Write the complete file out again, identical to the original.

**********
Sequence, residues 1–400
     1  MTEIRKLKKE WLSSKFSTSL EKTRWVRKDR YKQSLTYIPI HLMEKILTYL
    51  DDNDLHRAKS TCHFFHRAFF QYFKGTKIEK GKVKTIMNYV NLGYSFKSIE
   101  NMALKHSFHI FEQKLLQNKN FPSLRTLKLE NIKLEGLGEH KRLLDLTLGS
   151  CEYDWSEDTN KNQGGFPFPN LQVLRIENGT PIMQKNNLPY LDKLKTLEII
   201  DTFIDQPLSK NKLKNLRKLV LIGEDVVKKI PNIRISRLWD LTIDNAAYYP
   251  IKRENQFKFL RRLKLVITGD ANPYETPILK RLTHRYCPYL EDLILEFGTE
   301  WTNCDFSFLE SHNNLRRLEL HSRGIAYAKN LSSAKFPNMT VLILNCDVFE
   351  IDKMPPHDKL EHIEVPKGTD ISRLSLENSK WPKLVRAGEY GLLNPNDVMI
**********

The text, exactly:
Sequence, residues 1–400
     1  MTEIRKLKKE WLSSKFSTSL EKTRWVRKDR YKQSLTYIPI HLMEKILTYL
    51  DDNDLHRAKS TCHFFHRAFF QYFKGTKIEK GKVKTIMNYV NLGYSFKSIE
   101  NMALKHSFHI FEQKLLQNKN FPSLRTLKLE NIKLEGLGEH KRLLDLTLGS
   151  CEYDWSEDTN KNQGGFPFPN LQVLRIENGT PIMQKNNLPY LDKLKTLEII
   201  DTFIDQPLSK NKLKNLRKLV LIGEDVVKKI PNIRISRLWD LTIDNAAYYP
   251  IKRENQFKFL RRLKLVITGD ANPYETPILK RLTHRYCPYL EDLILEFGTE
   301  WTNCDFSFLE SHNNLRRLEL HSRGIAYAKN LSSAKFPNMT VLILNCDVFE
   351  IDKMPPHDKL EHIEVPKGTD ISRLSLENSK WPKLVRAGEY GLLNPNDVMI